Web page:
Dust, or what regulators call particulate matter, is a significant issue for feedyards and dairies, with implications for animal health and community relations. During an Academy of Veterinary Consultants conference this past August in Colorado Springs, Brent Auverman, PhD, a professor of biological and agricultural engineering with Texas A&M AgriLife, presented results of research into air-quality options for livestock operations. Auverman noted that feedyards typically experience an “evening dust peak,” which is the primary target for overall dust reduction. Several factors contribute to peak levels of airborne dust in the evening. Cooler temperatures encourage cattle activity – walking and playing – that stirs up dust, and pen surfaces typically are at their driest level of the day at this time. Also, a temporary atmospheric temperature inversion often occurs in the evening, holding much of the airborne dust close to the ground. Dust emissions during this time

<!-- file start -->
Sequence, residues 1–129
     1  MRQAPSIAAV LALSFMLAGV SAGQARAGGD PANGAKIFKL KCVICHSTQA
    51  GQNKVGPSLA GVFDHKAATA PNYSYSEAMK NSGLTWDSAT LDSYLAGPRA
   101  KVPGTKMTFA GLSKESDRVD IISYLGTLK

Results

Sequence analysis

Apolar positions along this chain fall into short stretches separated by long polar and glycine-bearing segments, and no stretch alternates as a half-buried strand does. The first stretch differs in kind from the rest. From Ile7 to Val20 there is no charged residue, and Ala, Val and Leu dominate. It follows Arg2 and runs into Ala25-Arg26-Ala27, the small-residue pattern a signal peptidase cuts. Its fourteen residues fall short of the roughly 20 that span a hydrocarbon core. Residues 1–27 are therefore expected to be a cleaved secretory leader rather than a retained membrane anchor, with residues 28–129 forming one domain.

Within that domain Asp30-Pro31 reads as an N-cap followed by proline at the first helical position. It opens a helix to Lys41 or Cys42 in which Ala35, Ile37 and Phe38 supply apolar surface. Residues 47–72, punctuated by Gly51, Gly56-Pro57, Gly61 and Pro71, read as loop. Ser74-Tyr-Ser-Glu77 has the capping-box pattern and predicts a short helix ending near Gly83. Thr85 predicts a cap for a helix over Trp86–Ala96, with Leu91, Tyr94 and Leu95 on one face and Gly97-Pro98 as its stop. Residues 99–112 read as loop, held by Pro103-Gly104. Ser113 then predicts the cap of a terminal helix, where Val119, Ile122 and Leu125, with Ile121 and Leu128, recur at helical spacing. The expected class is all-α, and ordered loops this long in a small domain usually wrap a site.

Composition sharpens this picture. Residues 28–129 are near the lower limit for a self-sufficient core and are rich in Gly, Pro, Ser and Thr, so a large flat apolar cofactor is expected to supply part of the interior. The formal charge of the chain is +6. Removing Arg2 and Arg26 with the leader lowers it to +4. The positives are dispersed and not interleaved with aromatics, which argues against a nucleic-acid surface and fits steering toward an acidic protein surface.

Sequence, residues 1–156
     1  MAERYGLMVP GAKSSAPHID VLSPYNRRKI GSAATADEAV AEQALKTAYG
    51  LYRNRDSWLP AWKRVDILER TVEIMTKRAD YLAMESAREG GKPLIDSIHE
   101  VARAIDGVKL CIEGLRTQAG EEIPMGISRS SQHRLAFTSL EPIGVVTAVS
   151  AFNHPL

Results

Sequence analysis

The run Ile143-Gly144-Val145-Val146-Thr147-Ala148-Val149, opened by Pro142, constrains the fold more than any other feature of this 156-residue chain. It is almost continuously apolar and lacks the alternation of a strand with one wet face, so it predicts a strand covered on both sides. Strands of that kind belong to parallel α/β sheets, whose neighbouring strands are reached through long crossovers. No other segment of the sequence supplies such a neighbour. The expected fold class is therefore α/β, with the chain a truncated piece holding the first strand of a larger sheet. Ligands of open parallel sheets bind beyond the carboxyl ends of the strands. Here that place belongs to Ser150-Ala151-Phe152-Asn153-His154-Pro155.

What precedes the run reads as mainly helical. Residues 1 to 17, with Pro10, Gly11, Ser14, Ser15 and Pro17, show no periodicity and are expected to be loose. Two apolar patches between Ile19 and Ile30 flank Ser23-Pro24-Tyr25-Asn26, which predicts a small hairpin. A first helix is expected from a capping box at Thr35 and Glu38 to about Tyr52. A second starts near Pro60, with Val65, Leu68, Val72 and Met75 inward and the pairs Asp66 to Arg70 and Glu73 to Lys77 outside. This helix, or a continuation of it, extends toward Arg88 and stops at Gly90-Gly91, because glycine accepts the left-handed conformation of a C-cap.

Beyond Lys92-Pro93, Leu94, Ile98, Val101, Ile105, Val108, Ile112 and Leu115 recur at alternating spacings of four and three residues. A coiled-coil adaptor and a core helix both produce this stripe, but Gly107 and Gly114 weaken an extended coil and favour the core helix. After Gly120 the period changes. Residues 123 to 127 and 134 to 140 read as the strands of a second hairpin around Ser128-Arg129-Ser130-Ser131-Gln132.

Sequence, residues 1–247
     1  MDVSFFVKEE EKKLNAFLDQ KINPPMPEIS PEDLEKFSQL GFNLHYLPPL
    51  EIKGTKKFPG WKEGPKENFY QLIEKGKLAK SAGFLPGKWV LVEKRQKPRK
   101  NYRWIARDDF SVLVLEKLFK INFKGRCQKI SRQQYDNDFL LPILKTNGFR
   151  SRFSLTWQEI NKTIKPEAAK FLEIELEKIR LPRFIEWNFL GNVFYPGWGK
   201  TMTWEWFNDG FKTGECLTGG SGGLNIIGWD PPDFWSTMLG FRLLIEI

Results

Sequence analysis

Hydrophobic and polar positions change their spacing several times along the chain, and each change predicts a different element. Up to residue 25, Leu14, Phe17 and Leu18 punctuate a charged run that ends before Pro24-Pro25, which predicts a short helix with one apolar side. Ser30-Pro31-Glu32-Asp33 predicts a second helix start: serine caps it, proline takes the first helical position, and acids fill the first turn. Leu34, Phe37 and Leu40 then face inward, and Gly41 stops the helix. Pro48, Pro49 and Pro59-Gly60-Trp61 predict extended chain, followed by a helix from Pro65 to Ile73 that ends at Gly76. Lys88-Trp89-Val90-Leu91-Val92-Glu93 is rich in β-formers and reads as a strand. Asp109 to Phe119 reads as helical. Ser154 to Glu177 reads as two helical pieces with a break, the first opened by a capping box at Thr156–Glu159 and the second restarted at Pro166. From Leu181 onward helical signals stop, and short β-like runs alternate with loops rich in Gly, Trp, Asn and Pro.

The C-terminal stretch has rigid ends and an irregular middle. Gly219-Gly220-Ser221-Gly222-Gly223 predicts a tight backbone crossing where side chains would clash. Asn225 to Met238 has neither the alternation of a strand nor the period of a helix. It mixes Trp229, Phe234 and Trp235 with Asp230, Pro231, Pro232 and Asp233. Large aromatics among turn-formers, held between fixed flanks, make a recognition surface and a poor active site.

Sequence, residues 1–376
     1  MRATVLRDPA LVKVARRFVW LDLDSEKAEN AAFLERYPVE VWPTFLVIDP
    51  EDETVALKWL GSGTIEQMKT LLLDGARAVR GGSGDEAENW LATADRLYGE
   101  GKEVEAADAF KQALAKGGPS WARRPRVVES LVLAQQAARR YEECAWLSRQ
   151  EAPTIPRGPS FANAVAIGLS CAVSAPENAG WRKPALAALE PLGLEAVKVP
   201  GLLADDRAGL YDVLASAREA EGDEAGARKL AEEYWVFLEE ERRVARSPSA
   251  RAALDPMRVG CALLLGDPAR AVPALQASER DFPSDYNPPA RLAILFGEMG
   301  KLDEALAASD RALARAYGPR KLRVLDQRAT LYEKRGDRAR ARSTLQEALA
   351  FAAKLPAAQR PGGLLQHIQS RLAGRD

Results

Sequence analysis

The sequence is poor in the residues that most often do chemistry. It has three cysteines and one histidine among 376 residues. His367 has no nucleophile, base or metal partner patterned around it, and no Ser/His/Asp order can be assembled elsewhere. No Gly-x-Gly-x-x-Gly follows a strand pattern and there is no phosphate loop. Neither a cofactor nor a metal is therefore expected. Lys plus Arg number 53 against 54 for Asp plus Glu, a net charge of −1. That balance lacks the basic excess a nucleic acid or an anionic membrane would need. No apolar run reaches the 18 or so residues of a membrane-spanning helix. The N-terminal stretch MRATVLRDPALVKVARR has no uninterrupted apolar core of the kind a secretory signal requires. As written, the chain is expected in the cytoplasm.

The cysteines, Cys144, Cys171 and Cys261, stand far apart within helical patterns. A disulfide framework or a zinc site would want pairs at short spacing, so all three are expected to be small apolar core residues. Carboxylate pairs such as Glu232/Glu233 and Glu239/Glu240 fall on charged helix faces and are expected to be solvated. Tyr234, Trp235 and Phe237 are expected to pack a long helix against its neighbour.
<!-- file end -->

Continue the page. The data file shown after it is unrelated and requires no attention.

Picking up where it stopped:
can reach eight to 15 times the average levels for the day. The evening peak does not typically occur in dairies, largely because milking schedules tend to distribute animal activity throughout the day. Dust emissions are a function of pen-surface dustiness and animal activity, so managers can reduce emissions by managing one or both of those factors. Sprinkler systems are an effective tool for managing pen surfaces, but they are expensive to install and water availability can be a limiting factor. Auverman and his team designed a research trial to evaluate stocking density as a means of reducing dust in feedyard pens. Concentrating animals in a pen can help shade the pen surface, reduce activity and concentrate urine and manure to keep the pen surface moist. The researchers used a pen-surface assessment system to score the potential for pens to create dust emissions, using a scale of A through F, with A representing a well-packed pen surface and F representing a surface covered with an inch or more of fine, non-